1. Earlier today, Goodfellas was on TV. It's right at the point where Joe Pesci kills Phil Leotardo from The Sopranos for saying something stupid (doesn't Joe Pesci kill everybody for that reason in the movie, though?). In any case, I started watching from there (because who needs context when you've watched the movie a million times?).
A thought struck me, about halfway through my viewing; it came right at the moment when Joe Pesci gets word he's gonna get made (and there are SPOILERS from here on out, so beware!!!!), and Robert DeNiro tells him, "He's gonna get made! This guy's gonna be boss one day!" Except, and maybe this is colored by me watching The Sopranos, he's probably a little too old to be boss. And then it struck me: this whole movie's about the myth of the American dream, more specifically, the myth of hard work.
See, everybody who works hard in this movie doesn't make it out alive or okay. The people involved in the Lufthansa heist? The only one who lives is DeNiro, and he ends up going to prison. And that was hard work. Hell, even Maury, the furniture salesman who hangs out with the guys and masterminded the whole heist, gets an icepick to the neck before he ever gets his cut of the thing. Pesci gets killed when he thinks he's going to get made. When Ray Liotta goes to prison, he keeps on telling his wife that they're on their own.
So everybody keeps working in the hopes that they're going to get paid or made or just be able to have an easier life. But they don't. The only way Liotta manages to be remotely successful at the end is to sell out; in other words, it's a stroke of luck. It seems like everybody's success, even DeNiro's temporary one, is built on the backs of others.
2. A couple weeks ago, I bought the first issue of Before Watchmen. It was largely because, hey, man, more Darwyn Cooke comics are always a good thing. But. Part of it was also because, man, tons of people were hating on it because of the politics of the whole thing.
For instance, here's a post on it by David Brothers, one of my favorite comics bloggers, but one with whom I vehemently disagree on this time: "Before Watchmen is Comic Book Poison". So, let's go over a few points really quickly:
A. I understand that the title's supposed to be incendiary, but man, I didn't feel any worse after reading the thing. But! Wait! I was sick yesterday! Maybe it's because I read BW? No, wait, it's because it was 95 degrees out, I forgot my water bottle, and I walked to work, and no amount of rehydration could help me out. (Sorry for the sarcasm, but I couldn't resist.)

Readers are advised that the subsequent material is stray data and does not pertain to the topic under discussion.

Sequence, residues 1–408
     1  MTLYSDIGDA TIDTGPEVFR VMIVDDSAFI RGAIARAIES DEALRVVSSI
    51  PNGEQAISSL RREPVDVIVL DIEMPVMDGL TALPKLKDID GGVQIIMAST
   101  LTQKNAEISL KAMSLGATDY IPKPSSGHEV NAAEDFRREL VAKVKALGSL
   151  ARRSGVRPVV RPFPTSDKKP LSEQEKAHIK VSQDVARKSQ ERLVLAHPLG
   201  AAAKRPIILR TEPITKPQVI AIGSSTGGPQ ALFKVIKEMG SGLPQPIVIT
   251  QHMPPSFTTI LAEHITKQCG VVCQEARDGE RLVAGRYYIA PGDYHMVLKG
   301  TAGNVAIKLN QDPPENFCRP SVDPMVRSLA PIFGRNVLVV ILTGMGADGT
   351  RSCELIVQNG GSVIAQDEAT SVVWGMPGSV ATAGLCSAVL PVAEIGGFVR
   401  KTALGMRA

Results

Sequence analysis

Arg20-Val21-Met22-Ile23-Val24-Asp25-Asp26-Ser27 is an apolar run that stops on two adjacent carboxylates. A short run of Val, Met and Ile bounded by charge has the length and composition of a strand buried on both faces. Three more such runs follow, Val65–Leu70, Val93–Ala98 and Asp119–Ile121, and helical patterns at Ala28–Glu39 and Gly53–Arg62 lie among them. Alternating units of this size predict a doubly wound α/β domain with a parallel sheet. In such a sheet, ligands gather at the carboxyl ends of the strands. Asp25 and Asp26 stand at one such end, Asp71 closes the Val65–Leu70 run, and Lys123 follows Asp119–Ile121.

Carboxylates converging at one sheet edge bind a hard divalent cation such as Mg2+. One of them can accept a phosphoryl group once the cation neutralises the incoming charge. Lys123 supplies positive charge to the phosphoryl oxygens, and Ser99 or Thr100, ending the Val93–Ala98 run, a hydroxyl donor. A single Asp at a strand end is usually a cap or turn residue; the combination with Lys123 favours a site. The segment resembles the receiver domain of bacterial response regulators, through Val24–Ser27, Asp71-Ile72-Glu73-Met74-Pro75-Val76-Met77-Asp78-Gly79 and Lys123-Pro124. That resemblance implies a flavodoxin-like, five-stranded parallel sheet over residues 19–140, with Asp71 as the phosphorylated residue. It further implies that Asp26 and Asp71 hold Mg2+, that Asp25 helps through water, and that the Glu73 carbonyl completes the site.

B. Apparently, my buying BW is a vote for
"-A comics industry that prizes properties over creators
-A comics industry that will effortlessly use its legal muscle to screw over creators
-A comics industry that strip-mines the past at the expense of the future", which isn't something I agree with. For one thing, it's a vote for more Darwyn Cooke comics, at least buy me. For another, it's a vote for comics where I don't have to worry about politics or who's getting screwed by which company, or whatever.
Honestly, and this is probably very un-liberal of me, but I'm kind of tired of everything I buy or participate in or whatever being part of some huge movement. I feel like everywhere I turn these days, so many things are begging me to put my money in one place or another. Watching The Avengers? Spend just as much at the Hero Initiative (a charity for comics creators) because Kirby's estate isn't getting anything for it! Buying Before Watchmen? You must want creators to suffer! Things like that, and not just in comics. But y'know what, my money's scarce enough that I can't just givegivegive. I understand creator rights. In many cases, I even empathize with them. But I simply can not allow them to restrict what I read/watch/listen to. Because, see, if I start doing that, I either end up not enjoying anything or getting endlessly myopic.
An example of the latter point: recently, one of my favorite podcasts had one of the 'casters debating, basically with himself, for weeks on end about whether or not he would continue to read Marvel comics, because he just wasn't comfortable with the way Marvel was handling the Jack Kirby lawsuit or with the work conditions at the Marvel offices (referenced here and here). And the thing that kind of vexed me was that his moral dilemma started with the work situation post and exacerbated from there. So I went and read about the work situations, and...I can't. I just can't. Because, see, those work conditions? So incredibly, incredibly familiar. That's what nearly every public place is like these days. Every single public place you go to these days has a staff that is utterly focused on endless numbers that supposedly reflect your performance or your value as a worker, and these numbers are being forced to stay up while the capability to perform every single one of these tasks is being cut and cut and cut. This is corporate America.
And hey, I'm not saying don't buy because you're uncomfortable with something. I should really, really point that out. If you're utterly uncomfortable with something, don't buy it. But do two other things first, please; firstly, don't force your views on others, and secondly, please please please apply that point of view to everything in your life. It's simply not fair otherwise.
(PS: David Brothers and Jeff Lester, I want you to know that yes, I do love what you're doing, even if I disagree with you at times. Just so you know.)